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[Above: Cover of Wildish’s account of his missionary work in the Amazon. Pickering and Ingalls, 1964]

WHEN HAROLD WILDISH accepted Christ as savior, he determined to put his faith into action. He promised the Lord he would do whatever he wanted. Seven years later, in 1922, after hearing a missionary message, he dropped to his knees and asked the Lord to show him, that day, what direction to go. When he got home it was near midnight. There he found a letter from an aunt. She cited the Great Commission to him (Matthew 28:18-20). Immediately he left his business and enrolled in a Bible School to get the training he needed.

For three years no clear-cut instructions came. Then he received a request to fill the place of Wilson Nicholl, a missionary returning home ill from Guiana. But Wildish had only one pound to his name. He went upstairs and spread the letter out before the Lord, saying, “You know what I need.” In the mail the next morning, he received a check for twenty-five pounds. “But I must have thirty-five,” he prayed. (That would be about $2,400 in 2020.) The next day he received another letter from one of the businessmen who had sent the twenty-five pounds. “I could not sleep last night thinking of you,” it read. “I believe you must need the additional enclosed ten pounds.”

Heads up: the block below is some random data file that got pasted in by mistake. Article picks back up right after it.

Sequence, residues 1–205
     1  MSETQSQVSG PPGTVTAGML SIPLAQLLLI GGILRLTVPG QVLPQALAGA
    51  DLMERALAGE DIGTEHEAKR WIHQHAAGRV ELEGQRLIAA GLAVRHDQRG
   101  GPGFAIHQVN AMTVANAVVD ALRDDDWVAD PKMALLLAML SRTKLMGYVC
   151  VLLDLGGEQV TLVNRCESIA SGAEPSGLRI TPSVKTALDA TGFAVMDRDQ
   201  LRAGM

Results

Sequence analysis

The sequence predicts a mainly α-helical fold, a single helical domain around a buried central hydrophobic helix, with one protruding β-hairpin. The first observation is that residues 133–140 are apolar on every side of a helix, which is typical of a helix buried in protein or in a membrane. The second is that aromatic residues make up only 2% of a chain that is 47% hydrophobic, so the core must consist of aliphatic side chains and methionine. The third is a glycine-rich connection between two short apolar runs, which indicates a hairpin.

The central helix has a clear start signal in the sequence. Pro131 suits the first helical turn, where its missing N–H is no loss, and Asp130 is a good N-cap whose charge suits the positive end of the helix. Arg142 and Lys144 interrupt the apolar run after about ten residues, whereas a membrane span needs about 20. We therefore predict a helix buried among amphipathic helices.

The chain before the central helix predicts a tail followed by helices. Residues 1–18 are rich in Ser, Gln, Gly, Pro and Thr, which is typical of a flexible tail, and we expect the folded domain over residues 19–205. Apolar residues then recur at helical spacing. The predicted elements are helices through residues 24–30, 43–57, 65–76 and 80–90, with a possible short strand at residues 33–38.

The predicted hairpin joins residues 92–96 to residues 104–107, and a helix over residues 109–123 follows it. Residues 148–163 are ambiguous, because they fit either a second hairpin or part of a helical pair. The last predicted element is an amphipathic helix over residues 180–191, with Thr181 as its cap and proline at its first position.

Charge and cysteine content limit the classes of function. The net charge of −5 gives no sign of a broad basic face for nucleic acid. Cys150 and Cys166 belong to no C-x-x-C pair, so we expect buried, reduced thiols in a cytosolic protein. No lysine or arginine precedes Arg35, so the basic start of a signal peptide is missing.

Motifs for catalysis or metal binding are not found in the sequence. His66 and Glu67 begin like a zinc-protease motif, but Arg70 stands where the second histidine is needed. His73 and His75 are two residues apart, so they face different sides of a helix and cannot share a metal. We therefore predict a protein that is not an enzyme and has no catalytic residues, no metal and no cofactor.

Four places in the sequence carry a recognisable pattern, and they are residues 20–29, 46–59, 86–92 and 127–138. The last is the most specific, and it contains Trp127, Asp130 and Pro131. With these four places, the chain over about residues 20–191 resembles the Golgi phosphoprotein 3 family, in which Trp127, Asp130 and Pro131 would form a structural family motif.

Thus it came about that on this day, 6 June 1925, Harold Wildish boarded the Amakura bound for South America. He took as one of his mottos, “The bigger the battle, the bigger the victory.” After work in Guiana, he spent years in the upper reaches of the Amazon and gradually won the confidence of the Molacas. He recorded some of the details of this work in Among the Savage Redskins of the Amazon.

Years later, worn out with fevers, and having just escaped death from a particularly violent attack of illness, he was homesick for England. A letter from Harold P. Barker reached him, asking him to consider becoming an evangelist in the West Indies.

He sensed God was calling and agreed. No boat could take him to England, but a boat was sailing for Trinidad. He was sick with fever the whole trip and had to go to bed when he got to his destination. Eventually he met up with Barker in Jamaica, recovered, and had a powerful ministry winning the lost among the mixed races of the islands.

Decades later the Open Brethren in Jamaica would remember the boost their ministry got by a visit from Wildish’s evangelistic team. Churches on St. Kitt’s and other islands could say the same. Several of his sermons are available in audio from Voices for Christ and from Sermon Index, including those he preached at the Keswick Conference of 1970. (For more on Keswick, visit our June twenty-ninth story.)

Dan Graves

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To get a feel for the conditions Wildish encountered, watch Steve Saint's Journey Into The Amazon at RedeemTV

Journey Into the Amazon can be purchased at Vision Video.

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